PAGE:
Stahly Live Blade

Manufacturer: Stahly, Inc.

Dates in Production: 1941[1]-1978

Type: DE

Weight: 175-g

Height: 92-mm

Description:

The Stahly "Live Blade" or "Stroke Saver" razor was invented by P.G. Stahly of South Bend, Indiana.[2] Stahly, Inc. was located at 406 Columbia Street, South Bend, Indiana until ca. 1954, by which time the company was a division of Geuder, Paeschke & Frey Co. of Milwaukee, Wisconsin.[3] The company ceased operations in 1978.[4] First use of the Live Blade trademark was in 1942, but the trademark was not applied for until 1964.[5]

The Stahly was among the first DE razors to vibrate the head, reducing the blade's tendency to catch on dry spots, and skin irregularities. The idea (then as now) was to reduce irritation and provide a smoother shave. The bottom of the razor contained a watch-type torsion spring that the user wound up immediately prior to shaving. The spring powered a small eccentric crankshaft that caused the head to vibrate. It would vibrate for about three minutes between windings at about 3000 oscillations ("sliding side-strokes") per minute (a 1954 advertisement claims 6,000 vibrations per minute, though it may be that instead of counting a single oscillation, advertising copywriters counted each movement of the head).

Several models were marketed from 1946 until the 1970s, differing mostly in case and finish.[6] Later(?) models of the razor were available in a presentation case (seen below). A clear plastic upright box case was also available by 1947. A wood-type upright case is shown in early (1946) advertisements. Original models were chrome, gold plate, or black with gold plated accents. Later(?) models were also available in a brown bullet-shaped leatherette presentation case. Late models were also made from aluminum. There were women's models that are pink and chrome (the pink is a special surface painted on the handle).[7]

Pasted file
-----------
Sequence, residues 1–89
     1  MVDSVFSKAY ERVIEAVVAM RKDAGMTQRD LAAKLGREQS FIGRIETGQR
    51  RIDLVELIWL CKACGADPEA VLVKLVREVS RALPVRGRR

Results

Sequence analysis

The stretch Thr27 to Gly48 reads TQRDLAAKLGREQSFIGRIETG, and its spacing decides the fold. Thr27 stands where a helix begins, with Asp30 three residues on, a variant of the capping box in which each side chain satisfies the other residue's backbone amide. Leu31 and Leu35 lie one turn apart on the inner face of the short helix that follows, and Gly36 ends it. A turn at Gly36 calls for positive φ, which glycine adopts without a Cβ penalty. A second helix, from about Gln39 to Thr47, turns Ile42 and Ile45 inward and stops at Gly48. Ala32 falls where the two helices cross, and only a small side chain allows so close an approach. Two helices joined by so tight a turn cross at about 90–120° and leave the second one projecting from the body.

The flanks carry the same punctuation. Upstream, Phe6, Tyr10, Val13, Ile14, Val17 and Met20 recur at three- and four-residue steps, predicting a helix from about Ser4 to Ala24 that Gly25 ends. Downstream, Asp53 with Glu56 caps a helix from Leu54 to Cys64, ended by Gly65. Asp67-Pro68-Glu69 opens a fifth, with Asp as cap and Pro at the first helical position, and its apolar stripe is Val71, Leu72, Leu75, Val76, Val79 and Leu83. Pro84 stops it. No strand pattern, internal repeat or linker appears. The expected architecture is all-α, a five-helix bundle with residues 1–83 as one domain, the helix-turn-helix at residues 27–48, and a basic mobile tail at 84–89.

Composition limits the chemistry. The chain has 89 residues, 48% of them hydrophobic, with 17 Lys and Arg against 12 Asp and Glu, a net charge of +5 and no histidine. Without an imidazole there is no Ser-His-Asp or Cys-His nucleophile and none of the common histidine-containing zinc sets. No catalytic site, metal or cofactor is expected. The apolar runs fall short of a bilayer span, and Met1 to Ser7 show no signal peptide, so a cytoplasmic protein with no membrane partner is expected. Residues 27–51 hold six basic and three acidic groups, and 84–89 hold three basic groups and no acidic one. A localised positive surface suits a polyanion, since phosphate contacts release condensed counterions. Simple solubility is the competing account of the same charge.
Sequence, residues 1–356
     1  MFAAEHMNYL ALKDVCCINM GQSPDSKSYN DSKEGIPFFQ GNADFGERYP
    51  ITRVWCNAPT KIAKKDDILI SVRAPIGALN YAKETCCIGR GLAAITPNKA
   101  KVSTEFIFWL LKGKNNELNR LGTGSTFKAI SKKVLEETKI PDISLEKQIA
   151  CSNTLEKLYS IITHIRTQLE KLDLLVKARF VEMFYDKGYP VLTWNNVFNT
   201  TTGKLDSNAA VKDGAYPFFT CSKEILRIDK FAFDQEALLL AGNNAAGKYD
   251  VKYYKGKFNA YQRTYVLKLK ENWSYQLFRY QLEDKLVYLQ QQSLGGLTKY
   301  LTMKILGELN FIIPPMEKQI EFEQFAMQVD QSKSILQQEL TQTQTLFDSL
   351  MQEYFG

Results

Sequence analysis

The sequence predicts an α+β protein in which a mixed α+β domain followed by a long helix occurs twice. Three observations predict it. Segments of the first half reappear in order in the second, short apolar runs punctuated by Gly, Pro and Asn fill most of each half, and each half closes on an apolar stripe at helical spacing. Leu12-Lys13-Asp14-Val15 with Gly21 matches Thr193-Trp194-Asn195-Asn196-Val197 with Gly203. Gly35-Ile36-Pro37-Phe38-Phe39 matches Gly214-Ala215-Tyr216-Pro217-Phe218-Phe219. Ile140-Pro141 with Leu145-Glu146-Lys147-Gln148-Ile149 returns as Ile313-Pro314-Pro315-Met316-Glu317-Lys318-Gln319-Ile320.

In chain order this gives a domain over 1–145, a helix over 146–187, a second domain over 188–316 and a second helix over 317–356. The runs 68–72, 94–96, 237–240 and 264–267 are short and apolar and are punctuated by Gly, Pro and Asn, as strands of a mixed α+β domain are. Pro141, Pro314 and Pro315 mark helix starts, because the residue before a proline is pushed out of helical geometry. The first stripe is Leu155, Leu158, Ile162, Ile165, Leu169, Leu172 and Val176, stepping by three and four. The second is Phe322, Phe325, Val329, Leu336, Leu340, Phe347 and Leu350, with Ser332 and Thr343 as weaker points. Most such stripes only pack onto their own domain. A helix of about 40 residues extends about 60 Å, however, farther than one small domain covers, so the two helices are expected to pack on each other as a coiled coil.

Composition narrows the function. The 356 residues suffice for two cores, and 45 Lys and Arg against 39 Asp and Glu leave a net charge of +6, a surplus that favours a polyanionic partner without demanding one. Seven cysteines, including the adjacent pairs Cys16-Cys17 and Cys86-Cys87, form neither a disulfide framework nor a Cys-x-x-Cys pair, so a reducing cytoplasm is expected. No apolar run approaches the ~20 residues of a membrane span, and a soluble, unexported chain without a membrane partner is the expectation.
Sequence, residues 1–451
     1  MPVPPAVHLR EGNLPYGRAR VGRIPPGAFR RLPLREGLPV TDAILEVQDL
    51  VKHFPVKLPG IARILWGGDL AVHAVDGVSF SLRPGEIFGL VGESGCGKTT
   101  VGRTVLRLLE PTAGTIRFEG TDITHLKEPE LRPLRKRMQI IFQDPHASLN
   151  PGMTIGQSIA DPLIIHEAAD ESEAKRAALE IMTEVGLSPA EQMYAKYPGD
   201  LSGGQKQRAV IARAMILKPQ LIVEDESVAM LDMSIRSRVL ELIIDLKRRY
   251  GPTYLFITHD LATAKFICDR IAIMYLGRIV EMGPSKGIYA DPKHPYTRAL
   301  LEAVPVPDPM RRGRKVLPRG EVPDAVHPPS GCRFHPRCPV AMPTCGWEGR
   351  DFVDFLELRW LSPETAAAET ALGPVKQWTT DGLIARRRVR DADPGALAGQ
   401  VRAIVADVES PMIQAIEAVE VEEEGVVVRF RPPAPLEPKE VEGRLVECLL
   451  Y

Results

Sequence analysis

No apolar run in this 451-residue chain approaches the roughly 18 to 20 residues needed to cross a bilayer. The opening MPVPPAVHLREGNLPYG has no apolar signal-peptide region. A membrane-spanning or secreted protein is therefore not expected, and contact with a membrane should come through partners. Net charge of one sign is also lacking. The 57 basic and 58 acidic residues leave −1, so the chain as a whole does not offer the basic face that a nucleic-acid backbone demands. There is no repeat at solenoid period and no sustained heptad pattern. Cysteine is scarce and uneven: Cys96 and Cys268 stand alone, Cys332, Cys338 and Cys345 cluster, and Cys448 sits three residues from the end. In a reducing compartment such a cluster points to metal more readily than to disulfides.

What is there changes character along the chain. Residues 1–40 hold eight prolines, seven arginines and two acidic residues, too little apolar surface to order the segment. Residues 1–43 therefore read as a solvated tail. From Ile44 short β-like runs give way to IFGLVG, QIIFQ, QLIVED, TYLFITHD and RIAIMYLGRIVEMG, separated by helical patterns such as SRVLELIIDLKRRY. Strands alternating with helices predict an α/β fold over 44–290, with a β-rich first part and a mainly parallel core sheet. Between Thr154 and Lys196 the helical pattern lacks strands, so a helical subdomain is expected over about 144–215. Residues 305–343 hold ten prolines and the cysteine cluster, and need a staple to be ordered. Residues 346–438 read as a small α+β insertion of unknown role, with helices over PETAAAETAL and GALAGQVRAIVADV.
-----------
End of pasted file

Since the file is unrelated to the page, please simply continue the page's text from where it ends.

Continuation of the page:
All models take standard (modern) DE blades. The internal mechanical components create an odd balance to the razor; the head feels very light compared to the base, which is much heavier. Therefore, the razor is balanced essentially opposite to a standard DE razor. Because most of the weight is in the palm, the user may elect to grip the razor differently.

The razor was apparently known as the "Stroke Saver with Live-Blade action" from about 1941-56[1][8], then renamed the Live Blade for the rest of its production life[9].

B&B Links
  • [thread=21828]Review[/thread]
  • [thread=74002]Safety Razor of the Week[/thread]
  • [thread=47963]Disassembly and Repair[/thread]
  • [thread=136284]Lubrication and Repair[/thread]
  • [thread=271812]Stahly Werkz-Disassembly-Repair-Maintenance [/thread]


External Links


Photos:







  1. ^ a bEsquire, vol. 16, p. 225 (advertisement)
  2. ^Mulrooney, Tess. The Mulrooneys of Grant County, Wisconsin: Thomas, John, James and Mary, John and Darby and their children through great-grandchildren. 2008
  3. ^LIFE, 1954-06-07, p184.
  4. ^http://wiki.answers.com/Q/1946_stahly_razor_does_not_wind_up_as_it_is_supposed_to
  5. ^http://www.trademarkia.com/live-blade-72191220.html
  6. ^http://www.xs4all.nl/~pedewei/ebndnofr.htm
  7. ^http://wiki.answers.com/Q/1946_stahly_razor_does_not_wind_up_as_it_is_supposed_to
  8. ^United States Congressional serial set, vol. 11892 (1956)
  9. ^Hardware Age, vol. 178, iss. 1-2

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